Brian LaRossa | Opinions

Voting ≠ Hoping

In the summer of 2010 I took Milton Glaser’s storied summer intensive. It was 80 hours of lectures and assignments—which Milton had refined for over 30 years—peppered with luminary speakers. All of it was squeezed into into five short days. During one of the lessons Milton rested his coffee on the table and filled a pause by looking at each of us. then he said, “please come forward and try to lift the cup.” The first few volunteers lifted it with ease, after which he calmly said “no.” Eventually someone caught on and performed the act of being unable to lift the cup, straining against the weight of an imaginary gravity. “Good,” he said. Then Milton pointed out that trying isn’t the same as doing.

Milton’s observation doesn’t feel true, after all “try” is a verb. Trying to acquire things, like jobs or romantic partners, requires taking action. We try our best and then twist into knots hoping for a reply. Trying can lead us to become consumed by hope. Feeling hopeful, this state of mind that’s supposed to be positive can in fact tear us apart. Milton’s observation doesn’t feel true because trying is an action, but he’s not wrong. Trying to lift a cup is an expression of hope about a possible future. Lifting a cup happens, and it happens where we actually are.

American politics would have us believe that hoping alone is capable of heavy lifting. Campaign slogans feign to hope us all into a brighter future but there’s always a subtext: the hope that we can beat them. Both political parties hope against each other with a sense of burning urgency that boils into rage—believe me I’m boiling—but some of this rage, like the impatience of hoping for a reply, bubbles out of the frustration of hope’s ineffectuality. Hopeful and hopeless are often framed as binary opposites at either end of a spectrum, but they’re in fact side-by-side. Both states of mind exist in an imagined future. Both states of mind are in effect a distraction. The real other end of this spectrum is nostalgia and regret, states of mind that exist in an imagined past. The center of the spectrum is where we actually are, and this is the place where the doing gets done.

Reading is a good allegory for the way doing happens—for the way progress unfolds. When we get lost in a book, we’re specifically, and perpetually, lost inside the page we’re on. We focus on the text at hand and the world dissolves—all of it—visions of the future and the past, the pages that came before, and the ones that follow. We press into the pages that lay open before us and end up racing forward as a result. Yes, we follow the text back and forth, down and across, but these movements go unnoticed from within the narrative. It doesn’t feel like we’re moving through the book, it feels like the story is moving through us.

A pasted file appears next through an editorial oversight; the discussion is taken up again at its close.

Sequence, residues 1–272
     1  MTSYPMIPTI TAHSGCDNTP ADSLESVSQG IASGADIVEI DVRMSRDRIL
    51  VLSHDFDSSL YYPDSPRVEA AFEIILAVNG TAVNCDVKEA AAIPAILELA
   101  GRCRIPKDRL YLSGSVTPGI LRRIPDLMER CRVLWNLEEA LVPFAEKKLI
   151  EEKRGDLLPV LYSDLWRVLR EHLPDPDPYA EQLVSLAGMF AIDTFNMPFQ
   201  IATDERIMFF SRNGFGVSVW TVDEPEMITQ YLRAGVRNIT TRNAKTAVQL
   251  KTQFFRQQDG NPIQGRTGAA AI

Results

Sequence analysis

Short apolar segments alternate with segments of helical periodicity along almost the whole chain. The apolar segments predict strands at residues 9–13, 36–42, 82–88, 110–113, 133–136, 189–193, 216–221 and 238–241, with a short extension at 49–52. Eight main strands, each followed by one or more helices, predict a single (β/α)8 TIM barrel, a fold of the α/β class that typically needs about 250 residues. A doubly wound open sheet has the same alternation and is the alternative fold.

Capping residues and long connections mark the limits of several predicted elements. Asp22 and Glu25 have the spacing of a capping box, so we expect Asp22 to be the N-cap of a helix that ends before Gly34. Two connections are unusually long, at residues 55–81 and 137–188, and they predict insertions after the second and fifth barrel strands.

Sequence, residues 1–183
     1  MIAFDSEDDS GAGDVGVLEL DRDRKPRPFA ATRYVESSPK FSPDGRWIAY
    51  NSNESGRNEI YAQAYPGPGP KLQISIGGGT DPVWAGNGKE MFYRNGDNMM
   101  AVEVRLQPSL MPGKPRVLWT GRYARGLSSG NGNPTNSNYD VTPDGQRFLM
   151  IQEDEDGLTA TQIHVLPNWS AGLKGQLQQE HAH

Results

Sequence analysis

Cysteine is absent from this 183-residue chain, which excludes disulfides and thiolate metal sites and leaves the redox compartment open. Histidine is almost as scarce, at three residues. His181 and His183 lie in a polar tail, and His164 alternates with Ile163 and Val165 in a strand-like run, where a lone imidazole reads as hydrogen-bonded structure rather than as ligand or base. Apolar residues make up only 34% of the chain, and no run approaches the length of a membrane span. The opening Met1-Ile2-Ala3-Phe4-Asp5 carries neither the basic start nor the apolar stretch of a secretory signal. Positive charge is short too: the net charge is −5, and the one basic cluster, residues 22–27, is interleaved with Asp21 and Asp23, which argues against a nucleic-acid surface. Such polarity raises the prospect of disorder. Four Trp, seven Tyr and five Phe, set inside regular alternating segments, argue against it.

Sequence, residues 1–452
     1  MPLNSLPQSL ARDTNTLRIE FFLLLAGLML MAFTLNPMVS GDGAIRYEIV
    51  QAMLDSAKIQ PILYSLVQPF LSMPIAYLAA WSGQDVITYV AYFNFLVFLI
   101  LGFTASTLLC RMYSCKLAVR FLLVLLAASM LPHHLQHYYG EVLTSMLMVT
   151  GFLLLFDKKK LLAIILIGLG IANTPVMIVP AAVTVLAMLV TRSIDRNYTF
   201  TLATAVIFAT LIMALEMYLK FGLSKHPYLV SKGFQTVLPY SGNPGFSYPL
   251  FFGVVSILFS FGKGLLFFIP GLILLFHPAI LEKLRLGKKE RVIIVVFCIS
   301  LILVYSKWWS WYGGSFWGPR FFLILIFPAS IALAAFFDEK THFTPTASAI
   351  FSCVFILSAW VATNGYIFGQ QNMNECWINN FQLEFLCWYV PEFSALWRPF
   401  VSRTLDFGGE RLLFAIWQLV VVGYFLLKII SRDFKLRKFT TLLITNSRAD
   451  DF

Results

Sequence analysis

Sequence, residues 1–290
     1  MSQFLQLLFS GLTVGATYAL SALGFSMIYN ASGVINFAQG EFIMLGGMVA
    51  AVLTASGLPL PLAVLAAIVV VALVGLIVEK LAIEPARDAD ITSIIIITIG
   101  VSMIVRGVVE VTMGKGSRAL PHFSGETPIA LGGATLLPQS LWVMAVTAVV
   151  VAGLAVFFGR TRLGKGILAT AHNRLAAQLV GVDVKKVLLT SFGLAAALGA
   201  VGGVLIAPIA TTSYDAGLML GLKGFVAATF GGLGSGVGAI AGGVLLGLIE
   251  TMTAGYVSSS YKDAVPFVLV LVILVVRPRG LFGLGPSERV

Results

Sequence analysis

The design process moves much like reading but it’s seldom presented that way. Instead design is packaged and sold as being future focused—a catalyst for innovation. Indeed, designers chart courses through the fog that connects the imaginary and the actual. We operate inside the way things come to be, and see this transformation in enough detail to know that hoping doesn’t get it done. Design, like reading, is a forward motion that comes from being focused on where you actually are. You may begin by hoping for a desired outcome but the best design outcomes result from correcting course in response to discoveries made along the way. Fixating on desired outcomes, or the steps in a prescribed process, can cause you to miss the discoveries when they happen—robbing you of the opportunity to react.

Design Thinking, as it’s packaged by IDEO and Stanford, has been criticized for not delivering on its promise—the idea of a set recipe for predictably innovative results. The truth is each design challenge requires not only its own unique design solution, it also requires its own unique design process. The particular needs of each design challenge uniquely warp preexisting design processes. In this way, at its best, design is the opposite of hope. There’s nothing speculative about it. Margins end, buttons are, even when it’s responsive text is wherever it is. Designing means moving actual things in the actual world—it means lifting the cup.

Don’t get me wrong; I’m not suggesting we can stop ourselves from hoping. Our brains are organic prediction algorithms, and contrary to the position of many meditative disciplines, I don’t believe that we can turn that off entirely. Swinging back to politics, I desperately hope the Democrats retake both houses of congress on November sixth, I burn for it, I am in fact boiling with rage. Undoubtedly I’ll spend the evening of the election writhing in anticipation, hoping with every fiber of my being that we can correct course. Before they call the races I will be consumed by hope—it will tear me apart.

Since the last presidential election I’ve toggled back and forth between feeling hopeful and hopeless more times than can ever be counted. Obsessively imagining the future has made me weary. Maybe this essay is wishful thinking and nothing more. A yearning for the peace I find when I’m in the midst of designing something. At the very least I know I’ll find that peace inside the voting booth—alone with my ballot and my pen, standing where I actually am, moving actual things in the actual world.

Report voter suppression.
English: 866-OUR-VOTE
Spanish: 888-VE-Y-VOTA
Arabic: 844-YALLA-US
Asian/Pacific Languages: 888-API-VOTE
ASL: 301-818-VOTE

Posted in: Politics

Jobs | June 23